Indian people inhabited America when the Puritans first landed — scarcely a tenth of that figure exist today (1.4 million); or that these natives possessed over 75 per cent of US land up to two hundred years ago and less than two per cent today; or that they spoke more languages than were spoken in Europe then or now; or that they signed over 371 legal treaties with the US government between 1778 and 1871, most of which were ignored or traduced. But the question of the Indian stranger within the nation has not gone away… The return of the repressed serves here as a reminder that there are masked nations within the nation — and that every nation has its hidden tales to tell.” (Kearney, On Stories, 105)

When we remember Thanksgiving we typically remember that feastly day when the Native Americans brought food to the starving pilgrims, thus symbolizing their intentions to help the pilgrims survive in the new, harsh environment.  However, we forget how the pilgrims and their associates violently and oppressively repayed their benefactors in the coming years.  It is good to remember the feast, but we should be careful to remember the rest of the story as well, lest we repeat their same mistakes.

So what was their mistake?

“In 1620 a boatload of Pilgrims arrived in Cape Cod. Half of them were separatist Puritans (‘Saints’). The other half were non-religious adventurers called ‘troublemakers’ or ‘Strangers’. Saints and Strangers alike had left England because they felt, for different reasons, alienated from their native

"Mayflower in Plymouth Harbor," by William Halsall

 land.” (Kearney, 103)  To survive in this new harsh environment these pilgrims needed a new communal identity. They needed to break down their divisions among them of Saints/Strangers or Us/Them.  They needed to become a united Us, with a new understanding of who Them was… The “primitive savages” quickly became this new Them. (Kearney, 103)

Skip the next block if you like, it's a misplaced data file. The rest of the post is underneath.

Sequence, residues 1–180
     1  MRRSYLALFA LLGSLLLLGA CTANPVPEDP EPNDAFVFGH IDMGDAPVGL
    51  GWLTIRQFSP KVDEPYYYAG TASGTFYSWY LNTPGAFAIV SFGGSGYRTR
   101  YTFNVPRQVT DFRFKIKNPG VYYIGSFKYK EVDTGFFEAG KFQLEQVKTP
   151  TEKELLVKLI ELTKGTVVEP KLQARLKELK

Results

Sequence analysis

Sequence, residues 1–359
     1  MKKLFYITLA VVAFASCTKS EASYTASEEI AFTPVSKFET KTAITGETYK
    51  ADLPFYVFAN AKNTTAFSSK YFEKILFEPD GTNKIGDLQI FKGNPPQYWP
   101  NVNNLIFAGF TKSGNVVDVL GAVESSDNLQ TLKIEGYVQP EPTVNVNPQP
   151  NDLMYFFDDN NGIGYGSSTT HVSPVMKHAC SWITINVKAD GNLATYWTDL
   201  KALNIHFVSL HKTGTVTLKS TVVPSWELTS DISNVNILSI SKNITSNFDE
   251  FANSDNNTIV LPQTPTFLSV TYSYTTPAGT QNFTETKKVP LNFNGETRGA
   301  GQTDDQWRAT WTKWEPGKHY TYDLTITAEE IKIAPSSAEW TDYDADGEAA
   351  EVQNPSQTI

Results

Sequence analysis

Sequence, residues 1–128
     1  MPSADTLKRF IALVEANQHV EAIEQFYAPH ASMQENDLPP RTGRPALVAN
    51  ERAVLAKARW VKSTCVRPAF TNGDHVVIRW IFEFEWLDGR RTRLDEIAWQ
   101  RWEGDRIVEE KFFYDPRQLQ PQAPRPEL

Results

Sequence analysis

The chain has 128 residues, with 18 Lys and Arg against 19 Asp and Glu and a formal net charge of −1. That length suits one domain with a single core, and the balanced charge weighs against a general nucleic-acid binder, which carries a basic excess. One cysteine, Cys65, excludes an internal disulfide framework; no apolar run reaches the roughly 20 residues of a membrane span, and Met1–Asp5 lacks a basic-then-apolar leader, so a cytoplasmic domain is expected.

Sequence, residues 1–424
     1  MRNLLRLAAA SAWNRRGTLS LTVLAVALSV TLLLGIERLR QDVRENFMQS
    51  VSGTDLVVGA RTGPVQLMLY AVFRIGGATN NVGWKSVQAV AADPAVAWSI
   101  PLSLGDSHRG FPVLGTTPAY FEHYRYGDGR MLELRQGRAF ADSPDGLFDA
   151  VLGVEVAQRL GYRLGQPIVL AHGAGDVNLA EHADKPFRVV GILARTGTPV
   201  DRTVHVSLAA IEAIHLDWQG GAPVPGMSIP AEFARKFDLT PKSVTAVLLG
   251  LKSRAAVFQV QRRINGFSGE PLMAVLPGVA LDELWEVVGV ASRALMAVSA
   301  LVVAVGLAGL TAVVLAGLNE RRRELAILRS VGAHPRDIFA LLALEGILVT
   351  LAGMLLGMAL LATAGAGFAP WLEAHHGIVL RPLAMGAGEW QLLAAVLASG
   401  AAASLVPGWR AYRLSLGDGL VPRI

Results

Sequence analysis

This, I say, was the root of the problem.  This classic us/them dichotomy in which the pilgrims (a diverse group who had not interacted in the previous world) sought to unify their view of themselves by finding a new “them”.  So, by viewing the Native Americans as them-who-are-not-us rather than as us-fellow-humans-who-share-meals-together, it became very natural for conflict and dispute to arise.

So remember what followed the feast in history and be warned lest strife, violence, hatred, and non-forgiveness continue.  Instead, take joy in living out each day what the Thanksgiving feast should have represented — the breaking down of barriers and the sharing together of meals.  Consider those who you think of as “them”, as “those who are not like me”, and invite them to daily meals so that we can remember that we are all just Us.  One collaborative Us seeking a clear path through the forest together.  We are a giant family.  We share each others’ problems, we rejoice at each others’ joys and cry at each others’ heartaches, we share the disfunctions that exist in the world and try to find solutions together, and we also realize that each of us has done our share of wrongs through which we contribute to the disfunctions of our global family.  So we forgive each other, work together, and try to find a better way once again.  And all this we do as one, in unison, listening to each others’ voices and discerning together how to navigate (as a unified whole) the diversity which we inherently are.

"Discovery of the Mississippi", by William H. Powell